MOSCOW: Vimpelcom is in talks with Algerian officials over the fate of the north African nation’s top mobile phone operator Djezzy that Algiers wants to nationalize and the Russian firm wants to control.
Djezzy is the most lucrative asset of Egyptian tycoon Naguib Sawiris’ Orascom Telecom, which Vimpelcom intends to buy control of as part of a $6.6 billion international acquisition.
Following are possible scenarios:
Algeria Nationalizes Djezyy
Its probability is likely.
Algeria has been determined to take Djezzy away from Orascom for months, and Vimpelcom’s CEO Alexander Izosimov said on Wednesday he would consider selling Djezzy to the Algerian state "at a fair price."
But the sides seem to have opposing views on valuation — a stumbling block that will have to be removed if a deal is to be agreed.
"Izosimov admits (that Vimpelcom may sell Djezzy to Algeria) but asks an absolutely unrealistic price — $7.8 billion — while the Algerian government has so far being saying it would buy it for $2.5 billion. That is a very big gap," says Renaissance Capital analyst Alex Kazbegi.
Should Vimpelcom be offered a price acceptable to its co-owners — Russian billionaire Mikhail Fridman and Norway’s Telenor — the cash could be distributed as a business investment or as dividends and the deal would go ahead.
But Algeria has already told Orascom that it has first refusal on whether or not to buy Djezzy — the grounds for rejecting earlier attempts to sell to South Africa’s MTN — and may persist with its nationalization plan, sidelining Vimpelcom.
Whole Deal Falls Through
Its probability is high
Vimpelcom’s agreed deal for Sawiris’ Weather Investments included a number of conditions — but retaining control of Djezzy was not one of them.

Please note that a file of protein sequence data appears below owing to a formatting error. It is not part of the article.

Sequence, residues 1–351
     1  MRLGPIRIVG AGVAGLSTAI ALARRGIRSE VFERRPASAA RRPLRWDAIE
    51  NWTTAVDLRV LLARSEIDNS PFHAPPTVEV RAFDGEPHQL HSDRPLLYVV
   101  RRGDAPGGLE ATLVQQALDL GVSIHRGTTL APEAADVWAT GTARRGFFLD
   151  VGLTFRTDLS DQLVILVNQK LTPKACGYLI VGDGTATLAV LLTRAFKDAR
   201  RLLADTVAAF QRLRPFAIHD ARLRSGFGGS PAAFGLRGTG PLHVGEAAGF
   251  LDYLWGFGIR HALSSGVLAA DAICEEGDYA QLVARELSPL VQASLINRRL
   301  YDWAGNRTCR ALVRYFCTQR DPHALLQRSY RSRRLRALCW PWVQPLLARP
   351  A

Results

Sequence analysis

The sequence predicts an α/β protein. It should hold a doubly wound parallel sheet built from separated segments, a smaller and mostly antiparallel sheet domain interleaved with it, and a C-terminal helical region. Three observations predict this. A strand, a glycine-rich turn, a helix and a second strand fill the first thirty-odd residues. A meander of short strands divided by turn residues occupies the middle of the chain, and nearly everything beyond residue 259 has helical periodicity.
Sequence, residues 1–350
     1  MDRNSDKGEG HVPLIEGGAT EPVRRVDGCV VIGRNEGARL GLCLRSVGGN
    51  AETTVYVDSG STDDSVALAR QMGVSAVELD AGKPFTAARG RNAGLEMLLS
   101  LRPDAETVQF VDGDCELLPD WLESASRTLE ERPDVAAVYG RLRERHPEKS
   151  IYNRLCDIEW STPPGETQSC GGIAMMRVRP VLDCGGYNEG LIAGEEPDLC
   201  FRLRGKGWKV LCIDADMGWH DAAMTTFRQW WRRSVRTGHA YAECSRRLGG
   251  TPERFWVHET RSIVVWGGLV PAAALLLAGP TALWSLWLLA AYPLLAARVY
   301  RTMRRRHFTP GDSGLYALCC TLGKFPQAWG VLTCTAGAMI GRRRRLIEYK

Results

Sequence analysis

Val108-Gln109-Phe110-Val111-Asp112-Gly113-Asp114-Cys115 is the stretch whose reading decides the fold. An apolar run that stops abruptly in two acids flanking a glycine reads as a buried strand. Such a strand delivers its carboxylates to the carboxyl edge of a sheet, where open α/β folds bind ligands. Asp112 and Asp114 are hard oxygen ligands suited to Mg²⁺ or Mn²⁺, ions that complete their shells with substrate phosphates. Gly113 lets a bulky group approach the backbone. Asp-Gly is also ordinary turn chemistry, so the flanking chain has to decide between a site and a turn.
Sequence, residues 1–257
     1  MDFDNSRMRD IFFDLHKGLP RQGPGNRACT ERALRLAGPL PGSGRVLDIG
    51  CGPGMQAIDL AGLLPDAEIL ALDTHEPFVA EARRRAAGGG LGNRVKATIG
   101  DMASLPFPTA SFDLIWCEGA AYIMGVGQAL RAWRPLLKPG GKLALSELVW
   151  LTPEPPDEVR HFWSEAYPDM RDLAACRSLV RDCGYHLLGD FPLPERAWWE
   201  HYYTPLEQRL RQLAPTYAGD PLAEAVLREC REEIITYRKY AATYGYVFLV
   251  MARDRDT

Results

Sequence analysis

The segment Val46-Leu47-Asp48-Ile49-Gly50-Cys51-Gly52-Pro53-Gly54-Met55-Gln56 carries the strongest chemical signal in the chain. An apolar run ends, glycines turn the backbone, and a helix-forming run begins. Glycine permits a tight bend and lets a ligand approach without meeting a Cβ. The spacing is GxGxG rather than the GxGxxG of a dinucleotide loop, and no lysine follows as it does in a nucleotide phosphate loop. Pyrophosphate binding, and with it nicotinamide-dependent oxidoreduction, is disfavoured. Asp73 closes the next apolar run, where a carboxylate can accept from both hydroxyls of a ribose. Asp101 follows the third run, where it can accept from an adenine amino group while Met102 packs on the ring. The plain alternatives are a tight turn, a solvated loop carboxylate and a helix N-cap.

Even so, Vimpelcom’s shareholders could yet rethink the entire deal if they feel they are being short-changed by Algeria, and would not face any break fees if they walked away.
However, nobody expects them to go down without a fight.
Alfa Group billionaire Mikhail Fridman is a tough operator who waged lengthy corporate wars against Telenor over Vimpelcom and BP over its Russian joint venture TNK-BP earlier this decade.
Vimpelcom could even appeal to international law to fight for Djezzy.
"Vimpelcom believes there is a legal basis to appeal the decision (if Algeria simply takes Djezzy away) — there is a clear path for international arbitration," said Elena Mills at Alfa Bank.
This scenario would be a disaster for Naguib Sawiris, said Tim Daniels at Olivetree Securities in London, due to his debt of nearly $13 billion across Wind and Orascom.
"If Vimpelcom walks away and Algeria takes Djezzy, Sawiris loses half his EBITDA," he said.
Analysts say Sawiris may have to then sell off Orascom’s assets piece by piece to pay off debt.
"The clock would start ticking for a year and a half to two years, when lots of debt comes due in 2013," said CI Capital analyst Amr Elalfy.
Algeria Allows Vimpelcom to Keppt Djezzy
Its probability is highly unlikely
Although Russian President Dmitry Medvedev and Izosimov failed on Wednesday to get a public pledge from Algeria that Djezzy would be part of the Russian firm’s deal with Sawiris, Vimpelcom may still be able to persuade Algerian authorities to allow it to keep and run the company.
The scenario is unlikely given Algeria had previously rejected approaches from Egyptian President Hosni Mubarak and South African President Jacob Zuma to sanction the sale of Djezzy to South Africa’s MTN.
The government has said it would make an offer for the unit within months.
"You never know with third party talks. The Russian government could offer something to the Algerian government — like financial support in the next elections — and Alfa could offer something to the Russian government off-stage. So far it does not seem to have worked," RenCap’s Kazbegi says.